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The Hole in the Wall Gang's New Member

A former Lake Hughes trailer park will be the sixth camp for sick kids in Newman's chain.

August 20, 2000|PAUL LIEBERMAN

If Lou Adler had any doubts about the impact Paul Newman's camp can have on people, they vanished when his son shaved his head. When the 13-year-old returned that way from a visit to the Connecticut camp in the early '90s, his friend "thought it was because of Michael Jordan," Adler recalls. "But it was because of the kids he met," the ones whose hair had fallen out on its own, because of chemotherapy.

It's because of such visits--and the Adler family--that Southern California is getting its own version of Newman's camp.

The Painted Turtle Camp, being built on 183 acres in the town of Lake Hughes, will be the sixth camp affiliated with Newman's Hole in the Wall Gang Camp Assn., joining ones serving sick children north of Orlando, Fla., upstate New York, Ireland and Paris.

Page Hannah-Adler, Lou's wife, was a volunteer at Newman's camp in Ashford, Conn., the second and third years it was open. Like others who work with the children, she was moved by the chance to give them a "week of normalcy," and went on to get a master's degree in child development. But it became impossible for her to go east like that when she began having her own children.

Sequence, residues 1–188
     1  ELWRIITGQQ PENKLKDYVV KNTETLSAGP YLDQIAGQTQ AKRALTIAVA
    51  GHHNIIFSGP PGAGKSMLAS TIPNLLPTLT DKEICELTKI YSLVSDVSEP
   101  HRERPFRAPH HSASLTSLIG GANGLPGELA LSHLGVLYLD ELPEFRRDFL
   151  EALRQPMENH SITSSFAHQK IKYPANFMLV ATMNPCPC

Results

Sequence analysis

"I wondered, 'Should I go back to [work in] a hospital or what?' Then I thought, 'Why don't I start one of these camps.' "


The Adlers are, as they say, connected. He was one of the most successful music producers around; she's the sister of actress Daryl Hannah.

First, she discovered the site of an abandoned "run-down trailer park" 20 minutes north of Valencia, and asked Newman to come look at it. They went fishing in the 23-acre lake. She caught a four-pound bass. Sold.

Lou Adler then called his friends in the music business, including Herb Alpert, and got seven to match his own pledge--$1 million each.

That covers more than half the $15 million budget to get the camp built and opened by 2002. It is expected to serve 1,000 children each summer and families on weekends the rest of the year.

A member of Richard Meier's architectural firm, Michael Palladino, is designing the 34-building complex for free. It will have an organic theme, with apple orchards and strawberry fields and a Pizza Patch--a garden where campers can pick the ingredients, then make their own dinner.

Hannah-Adler, who will supervise the operation, found a medical director from her old days at Newman's original camp--a former counselor, Wendy Whitehill, who went on to medical school inspired in part by her experience at the camp.

"It changed all the adults," Hannah-Adler says, "living with those children."

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